- Being proud of our history? (below)
- Are we being honest about curriculum?
- Are we being honest about our discourse?
I have turned the remainder of my blog here into a short video lecture series which you can access here: PLAYLIST
Being proud of “the community”
Over the years I have been teaching history (and latterly history teachers), I have developed something of a sense of pride in the way in which history, as a school subject, has engaged with complex issues in curriculum and pedagogy. I have even taken to referring to “the history community” in an almost reverential way. I am sure I am not alone. If you look at the discussions which happen, especially on Twitter, you will often see people expressing pride in “the history community” and its various achievements. Often the narrative we tell about “the community” is framed as a story of social justice in which pupils are liberated through carefully curated content and powerful pedagogical knowledge.
I have grown increasingly uneasy about this narrative I tell myself about "the history teaching community". This unease is exacerbated when our profession is challenged, when “the community” is asked to account for its actions or lack thereof. Too often I have found myself reacting to challenges by responding “oh, the community have already been thinking about that.” When there was debate about the revised curriculum in 2013 and its excessively British focus, I could look at my SHP inspired curriculum and be happy it wasn't all stale, male and pale; and could say “Don’t worry! SHP has been thinking about this for ages and promotes curriculum diversity.” When the “knowledge-rich” movement began to gain traction, I was able to point to many examples in Teaching History of history teachers bringing together both knowledge and second-order conceptual understanding in their work. And when Ofsted was arguing for the importance of focusing on the “curricular what” and not the “pedagogical how”, I was equally able to suggest that this had been a core theme in the “history community” over time. But the more I think about it, the more I wonder if I have been too quick to seek examples of what “the community” already does, and too slow to examine the reality. And this worry has become even more pronounced in the wake of the Black Lives Matter movement, which has asked groups right across our society to reassess the ways in which they conceptualise, reinforce, or challenge racism.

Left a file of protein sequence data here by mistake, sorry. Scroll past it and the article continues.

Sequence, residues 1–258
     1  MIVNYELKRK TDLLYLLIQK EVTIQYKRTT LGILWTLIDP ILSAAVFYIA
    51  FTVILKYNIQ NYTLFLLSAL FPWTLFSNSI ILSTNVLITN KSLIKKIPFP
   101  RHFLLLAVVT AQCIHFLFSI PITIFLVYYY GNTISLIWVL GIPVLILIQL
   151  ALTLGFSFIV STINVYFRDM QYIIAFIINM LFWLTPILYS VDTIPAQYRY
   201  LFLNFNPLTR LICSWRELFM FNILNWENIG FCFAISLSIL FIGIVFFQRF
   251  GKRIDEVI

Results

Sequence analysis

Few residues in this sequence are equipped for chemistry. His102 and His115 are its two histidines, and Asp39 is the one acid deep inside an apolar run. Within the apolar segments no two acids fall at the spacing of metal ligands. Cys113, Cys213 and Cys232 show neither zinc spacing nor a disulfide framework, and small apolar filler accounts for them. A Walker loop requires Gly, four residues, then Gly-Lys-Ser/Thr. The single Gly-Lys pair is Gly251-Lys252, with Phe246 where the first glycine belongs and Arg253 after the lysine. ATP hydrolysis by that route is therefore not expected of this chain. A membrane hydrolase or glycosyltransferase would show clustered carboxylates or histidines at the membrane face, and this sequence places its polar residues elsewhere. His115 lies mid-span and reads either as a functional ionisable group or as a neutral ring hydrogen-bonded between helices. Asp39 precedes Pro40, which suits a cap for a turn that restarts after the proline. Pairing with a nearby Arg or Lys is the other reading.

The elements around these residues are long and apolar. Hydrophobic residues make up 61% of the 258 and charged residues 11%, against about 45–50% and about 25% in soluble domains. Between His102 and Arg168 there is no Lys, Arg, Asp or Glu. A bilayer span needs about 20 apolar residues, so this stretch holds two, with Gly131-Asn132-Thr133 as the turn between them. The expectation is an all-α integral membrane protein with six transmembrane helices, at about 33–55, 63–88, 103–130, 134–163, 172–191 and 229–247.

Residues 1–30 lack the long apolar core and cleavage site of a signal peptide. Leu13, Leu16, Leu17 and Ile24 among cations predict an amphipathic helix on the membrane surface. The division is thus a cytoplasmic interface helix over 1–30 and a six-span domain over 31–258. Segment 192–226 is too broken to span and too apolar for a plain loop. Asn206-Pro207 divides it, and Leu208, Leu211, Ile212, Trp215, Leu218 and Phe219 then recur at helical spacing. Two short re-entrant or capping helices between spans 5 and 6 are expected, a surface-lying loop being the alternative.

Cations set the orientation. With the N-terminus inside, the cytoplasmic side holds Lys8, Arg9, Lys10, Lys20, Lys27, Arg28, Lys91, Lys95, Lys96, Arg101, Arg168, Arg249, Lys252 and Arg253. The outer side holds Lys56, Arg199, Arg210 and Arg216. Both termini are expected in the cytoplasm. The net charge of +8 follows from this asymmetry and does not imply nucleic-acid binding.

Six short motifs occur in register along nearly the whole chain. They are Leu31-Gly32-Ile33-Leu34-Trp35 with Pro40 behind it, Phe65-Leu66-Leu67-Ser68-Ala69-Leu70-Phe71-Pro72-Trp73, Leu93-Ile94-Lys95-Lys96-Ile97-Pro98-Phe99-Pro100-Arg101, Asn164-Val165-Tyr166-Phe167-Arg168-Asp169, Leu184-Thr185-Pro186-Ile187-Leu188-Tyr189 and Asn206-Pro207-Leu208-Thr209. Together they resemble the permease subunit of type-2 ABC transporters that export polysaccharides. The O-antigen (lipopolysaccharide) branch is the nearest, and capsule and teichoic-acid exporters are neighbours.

I am of course nowhere near the first person to have these worries. There are many examples of history teachers questioning stances in “the community” on social media, at conferences, and of course in Teaching History. In recent times, Mohamud & Whitburn (2014, 2016, 2019), Dennis (2016), Nascimento (2018) and others have challenged “the community” on whether it is doing enough in terms of tackling the concept of race in history head on. Similarly, Lockyer & Tazzymant (2017) and Boyd (2019) have asked us to rethink how we engage with sex and gender in our teaching.
Jason Todd wrote a fantastic editorial piece in Teaching History 176 in which he explores some of the ways in which “the community” have been wrestling with many of these issues over time. However, he goes on to show that the picture is far from universal. He notes how the advent of the “knowledge-rich” movement has downplayed student needs, and that doing justice to history is more than just making our curriculum diverse (Todd, 2019). As Mohamud and Whitburn argue, the challenge is also to directly address problematic concepts such as race as historical phenomena in their own right (Mohamud and Whitburn, 2016). Todd goes on to highlight that there is still much to do to re-imagine the place of history and question the importance of “nation” as the central concept in history teaching. Indeed, the Runnymede Trust and RHS have noted a whole range of ways in which history teaching could and must improve (Atkinson et al., 2018; McIntosh, Todd and Das, 2019). This directly challenges that cosy vision I had of a “community” who had these issues well in hand.